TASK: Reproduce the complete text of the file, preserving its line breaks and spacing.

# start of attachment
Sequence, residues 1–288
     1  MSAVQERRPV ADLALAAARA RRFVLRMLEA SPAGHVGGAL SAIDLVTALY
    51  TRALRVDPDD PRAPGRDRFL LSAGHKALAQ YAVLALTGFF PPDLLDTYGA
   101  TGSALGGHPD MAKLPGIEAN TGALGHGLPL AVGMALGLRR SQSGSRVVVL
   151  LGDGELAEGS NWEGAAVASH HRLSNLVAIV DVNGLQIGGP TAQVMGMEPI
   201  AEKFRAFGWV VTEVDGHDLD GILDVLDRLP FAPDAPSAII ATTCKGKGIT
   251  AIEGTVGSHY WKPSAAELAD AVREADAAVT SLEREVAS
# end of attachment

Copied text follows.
Sequence, residues 1–288
     1  MSAVQERRPV ADLALAAARA RRFVLRMLEA SPAGHVGGAL SAIDLVTALY
    51  TRALRVDPDD PRAPGRDRFL LSAGHKALAQ YAVLALTGFF PPDLLDTYGA
   101  TGSALGGHPD MAKLPGIEAN TGALGHGLPL AVGMALGLRR SQSGSRVVVL
   151  LGDGELAEGS NWEGAAVASH HRLSNLVAIV DVNGLQIGGP TAQVMGMEPI
   201  AEKFRAFGWV VTEVDGHDLD GILDVLDRLP FAPDAPSAII ATTCKGKGIT
   251  AIEGTVGSHY WKPSAAELAD AVREADAAVT SLEREVAS